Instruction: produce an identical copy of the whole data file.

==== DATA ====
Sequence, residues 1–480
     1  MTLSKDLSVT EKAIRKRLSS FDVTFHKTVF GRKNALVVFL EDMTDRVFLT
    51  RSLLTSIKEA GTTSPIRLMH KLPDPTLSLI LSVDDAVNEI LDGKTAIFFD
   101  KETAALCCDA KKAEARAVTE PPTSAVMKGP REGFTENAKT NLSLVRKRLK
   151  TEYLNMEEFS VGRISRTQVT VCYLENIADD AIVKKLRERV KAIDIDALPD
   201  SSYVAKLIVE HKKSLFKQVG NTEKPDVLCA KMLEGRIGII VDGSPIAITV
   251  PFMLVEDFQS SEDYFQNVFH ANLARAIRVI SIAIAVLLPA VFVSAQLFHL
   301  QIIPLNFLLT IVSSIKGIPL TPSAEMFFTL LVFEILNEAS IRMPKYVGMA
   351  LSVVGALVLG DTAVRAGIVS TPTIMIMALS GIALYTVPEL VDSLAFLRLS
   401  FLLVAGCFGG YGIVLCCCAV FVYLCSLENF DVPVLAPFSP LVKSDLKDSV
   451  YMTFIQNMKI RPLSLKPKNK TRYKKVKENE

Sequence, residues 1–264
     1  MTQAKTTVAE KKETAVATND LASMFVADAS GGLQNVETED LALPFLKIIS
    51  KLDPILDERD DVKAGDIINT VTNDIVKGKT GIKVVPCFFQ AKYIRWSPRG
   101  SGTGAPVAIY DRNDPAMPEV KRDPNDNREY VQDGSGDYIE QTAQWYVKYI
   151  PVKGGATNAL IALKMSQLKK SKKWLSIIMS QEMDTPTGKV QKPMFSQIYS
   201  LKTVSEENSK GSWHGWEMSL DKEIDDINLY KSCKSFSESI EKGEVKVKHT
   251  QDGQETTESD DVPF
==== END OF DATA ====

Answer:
Sequence, residues 1–480
     1  MTLSKDLSVT EKAIRKRLSS FDVTFHKTVF GRKNALVVFL EDMTDRVFLT
    51  RSLLTSIKEA GTTSPIRLMH KLPDPTLSLI LSVDDAVNEI LDGKTAIFFD
   101  KETAALCCDA KKAEARAVTE PPTSAVMKGP REGFTENAKT NLSLVRKRLK
   151  TEYLNMEEFS VGRISRTQVT VCYLENIADD AIVKKLRERV KAIDIDALPD
   201  SSYVAKLIVE HKKSLFKQVG NTEKPDVLCA KMLEGRIGII VDGSPIAITV
   251  PFMLVEDFQS SEDYFQNVFH ANLARAIRVI SIAIAVLLPA VFVSAQLFHL
   301  QIIPLNFLLT IVSSIKGIPL TPSAEMFFTL LVFEILNEAS IRMPKYVGMA
   351  LSVVGALVLG DTAVRAGIVS TPTIMIMALS GIALYTVPEL VDSLAFLRLS
   401  FLLVAGCFGG YGIVLCCCAV FVYLCSLENF DVPVLAPFSP LVKSDLKDSV
   451  YMTFIQNMKI RPLSLKPKNK TRYKKVKENE

Sequence, residues 1–264
     1  MTQAKTTVAE KKETAVATND LASMFVADAS GGLQNVETED LALPFLKIIS
    51  KLDPILDERD DVKAGDIINT VTNDIVKGKT GIKVVPCFFQ AKYIRWSPRG
   101  SGTGAPVAIY DRNDPAMPEV KRDPNDNREY VQDGSGDYIE QTAQWYVKYI
   151  PVKGGATNAL IALKMSQLKK SKKWLSIIMS QEMDTPTGKV QKPMFSQIYS
   201  LKTVSEENSK GSWHGWEMSL DKEIDDINLY KSCKSFSESI EKGEVKVKHT
   251  QDGQETTESD DVPF